PVR: What are some of the cruise trends you are seeing?
NM: Of course, Caribbean is always hot, as well as Alaska. We are seeing a large lift in the Hawaiian market as well as in South America and the exotics, Asia, Thailand, it’s a very hot market right now.
PVR: What about river cruises?
NM: Beyond… It’s insane.
PVR: Did you have an inkling that it would become so popular in Asia?
NM: It has to. Once you do the rivers in Europe…everybody starts on either the Danube, or the Rhone…. Those are your first. Kind of like ocean cruising: You start in the Caribbean and then you move to Alaska, then you move over to Europe. You start on the European rivers and then from there you get hooked on it; it’s such a phenomenal value, such a phenomenal cruise vacation, that you are going to look for other rivers. The world just doesn’t have enough rivers though, unfortunately, to handle the demand that is there.
PVR: Should travel agents be looking beyond the traditional demographics—55 and over—for their river cruise bookings? Say multigenerational families?
NM: It’s interesting to look at it. Quite a few river cruise companies are coming out with family sailings. Uniworld does it; AmaWaterways does it, so there are specific sailings. What’s going to happen though, unless you have a child who is well-traveled, loves culture, being on board on a standard river cruise is not going to be a good fit. Again, that’s where the travel agent comes in to guide their clients. Another thing is that on river cruises there are no connecting cabins, so you have to be careful because you’ll have to split between cabins that are on board. Kathryn [Mazza-Burney, executive v.p. of sales and service for TRAVELSAVERS and president of NEST] and I come from a very large family, and a unique angle that we are looking at is taking the smaller vessels out as a charter. Take the Avalon Visionary that came out last May; it’s perfect if you have families, because the whole lower deck features beautiful staterooms, but they don’t have balconies so they are perfect for children. So if we brought two nannies with us, you can have all the children downstairs and contained, and the adults can stay on the upper deck. It’s a large family reunion that would be perfect on a ship like that. There are a lot of different ways to look at multigenerational family bookings.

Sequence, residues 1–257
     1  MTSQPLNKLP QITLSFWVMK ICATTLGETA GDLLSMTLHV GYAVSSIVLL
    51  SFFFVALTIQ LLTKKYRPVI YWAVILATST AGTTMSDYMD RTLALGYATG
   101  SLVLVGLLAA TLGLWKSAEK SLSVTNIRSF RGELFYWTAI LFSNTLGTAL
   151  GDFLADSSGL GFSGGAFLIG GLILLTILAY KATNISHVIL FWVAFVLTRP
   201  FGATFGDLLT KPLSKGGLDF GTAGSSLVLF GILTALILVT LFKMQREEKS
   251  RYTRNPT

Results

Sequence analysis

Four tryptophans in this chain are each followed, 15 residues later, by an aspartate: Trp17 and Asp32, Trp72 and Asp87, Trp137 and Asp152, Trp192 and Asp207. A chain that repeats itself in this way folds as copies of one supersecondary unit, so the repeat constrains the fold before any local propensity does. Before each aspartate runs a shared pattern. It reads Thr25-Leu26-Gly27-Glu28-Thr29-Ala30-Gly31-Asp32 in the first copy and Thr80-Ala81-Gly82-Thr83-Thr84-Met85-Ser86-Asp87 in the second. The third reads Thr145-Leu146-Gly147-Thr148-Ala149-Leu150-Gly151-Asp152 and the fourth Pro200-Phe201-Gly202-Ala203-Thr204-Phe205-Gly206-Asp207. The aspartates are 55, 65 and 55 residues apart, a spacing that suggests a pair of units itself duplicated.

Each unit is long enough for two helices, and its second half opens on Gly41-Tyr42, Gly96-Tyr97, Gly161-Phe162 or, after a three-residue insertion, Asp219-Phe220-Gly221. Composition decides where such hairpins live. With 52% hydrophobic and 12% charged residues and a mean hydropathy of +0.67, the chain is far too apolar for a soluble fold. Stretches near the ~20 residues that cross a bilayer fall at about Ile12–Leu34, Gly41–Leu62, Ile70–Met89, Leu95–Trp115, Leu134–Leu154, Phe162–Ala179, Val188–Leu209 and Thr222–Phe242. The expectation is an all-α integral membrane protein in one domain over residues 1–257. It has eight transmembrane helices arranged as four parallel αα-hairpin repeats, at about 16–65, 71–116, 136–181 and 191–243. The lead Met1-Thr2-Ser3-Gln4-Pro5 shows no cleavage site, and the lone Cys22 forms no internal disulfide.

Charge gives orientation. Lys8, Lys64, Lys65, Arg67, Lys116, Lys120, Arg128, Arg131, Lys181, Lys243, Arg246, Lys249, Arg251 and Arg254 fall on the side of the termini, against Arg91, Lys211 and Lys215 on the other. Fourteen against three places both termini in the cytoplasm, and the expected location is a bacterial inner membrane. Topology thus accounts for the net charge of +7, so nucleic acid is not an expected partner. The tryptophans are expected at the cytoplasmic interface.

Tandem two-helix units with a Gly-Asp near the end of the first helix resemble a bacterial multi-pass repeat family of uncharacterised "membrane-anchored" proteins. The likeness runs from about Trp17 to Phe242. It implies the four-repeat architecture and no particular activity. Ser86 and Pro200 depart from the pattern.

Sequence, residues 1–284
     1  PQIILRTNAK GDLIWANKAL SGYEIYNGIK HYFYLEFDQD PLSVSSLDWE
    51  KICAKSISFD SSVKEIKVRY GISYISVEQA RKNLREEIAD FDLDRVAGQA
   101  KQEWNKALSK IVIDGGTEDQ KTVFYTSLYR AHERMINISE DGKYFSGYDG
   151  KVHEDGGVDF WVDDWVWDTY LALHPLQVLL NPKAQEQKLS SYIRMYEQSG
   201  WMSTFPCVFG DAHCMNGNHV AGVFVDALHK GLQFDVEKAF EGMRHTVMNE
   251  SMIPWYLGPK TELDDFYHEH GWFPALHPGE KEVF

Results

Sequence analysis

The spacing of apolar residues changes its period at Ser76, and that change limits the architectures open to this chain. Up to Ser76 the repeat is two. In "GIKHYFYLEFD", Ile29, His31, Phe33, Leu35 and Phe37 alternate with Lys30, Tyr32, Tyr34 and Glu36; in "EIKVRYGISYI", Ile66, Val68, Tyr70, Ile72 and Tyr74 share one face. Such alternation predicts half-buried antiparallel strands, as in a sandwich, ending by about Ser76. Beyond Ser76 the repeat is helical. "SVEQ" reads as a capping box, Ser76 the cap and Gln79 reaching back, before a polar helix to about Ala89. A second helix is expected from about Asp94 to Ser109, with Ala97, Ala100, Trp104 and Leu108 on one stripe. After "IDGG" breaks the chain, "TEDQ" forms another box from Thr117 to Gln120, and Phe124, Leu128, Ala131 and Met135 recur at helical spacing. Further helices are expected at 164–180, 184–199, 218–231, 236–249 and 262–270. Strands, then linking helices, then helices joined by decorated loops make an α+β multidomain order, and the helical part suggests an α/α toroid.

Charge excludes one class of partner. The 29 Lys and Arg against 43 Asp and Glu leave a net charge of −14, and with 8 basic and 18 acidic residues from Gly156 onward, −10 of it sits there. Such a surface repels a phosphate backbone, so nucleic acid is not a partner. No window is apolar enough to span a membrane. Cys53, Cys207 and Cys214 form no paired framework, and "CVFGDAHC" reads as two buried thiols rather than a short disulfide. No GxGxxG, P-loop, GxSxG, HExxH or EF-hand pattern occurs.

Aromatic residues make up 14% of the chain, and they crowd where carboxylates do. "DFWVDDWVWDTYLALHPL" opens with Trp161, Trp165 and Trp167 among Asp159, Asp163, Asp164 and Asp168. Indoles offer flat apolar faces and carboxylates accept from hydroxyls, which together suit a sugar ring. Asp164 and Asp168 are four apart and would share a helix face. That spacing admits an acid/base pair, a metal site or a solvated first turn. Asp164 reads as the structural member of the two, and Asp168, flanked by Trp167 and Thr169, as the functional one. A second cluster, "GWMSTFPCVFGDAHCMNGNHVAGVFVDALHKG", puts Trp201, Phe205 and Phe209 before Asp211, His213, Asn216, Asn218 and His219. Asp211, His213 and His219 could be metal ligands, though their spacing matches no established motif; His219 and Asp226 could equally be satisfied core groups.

It’s fun with the family. Take a look at Ama and Avalon. They have some fun things that are taking place that will really keep the children entertained. They are changing some of their back lounges and putting Wii, Xbox, lots of movies and they are going to be doing lots of things at the back of the ship at night, because it’s usually at night where it gets quiet.
PVR: Why do you think so many travel agents focus on cruise bookings—the demand must be there, but why do you think it’s so popular with vacationers and travel agents?
NM: It’s a phenomenal vacation. The value that a cruise has to offer, especially for a family vacation. It’s an all-inclusive vacation. It’s easy. From an agent perspective, look at the product itself, look how much it’s expanded. There is so much to do on board for a family. It spans so many segments and so many demographics. You can find a cruise for any client that you have. Whether it’s taking my family on board, my parents love the Oceania Marina, for example, or if Kathryn and I are traveling with our husbands without the children, we love Celebrity. It’s young and hip.
Kathryn Mazza-Burney adds: There is also a lot of opportunity to earn if you sell cruises, if you upsell. If you take advantage of selling ancillary services such as the pre and post, in certain cases air. Everyone talks about the NCFs and there are quite a few non-commissionables, but if you sell it properly and you learn to upsell your client—and that’s by knowing your client—there’s a lot of money to still be made in cruising.
NM: The cruise lines also do a phenomenal job on the tools and resources they offer to the travel agent community. You see it here today, the different products and services. We also offer booking engines, different direct mail pieces, different tools and training on how to sell properly. The cruise lines are great partners with us on getting our agents trained properly and the tools they need to run their business.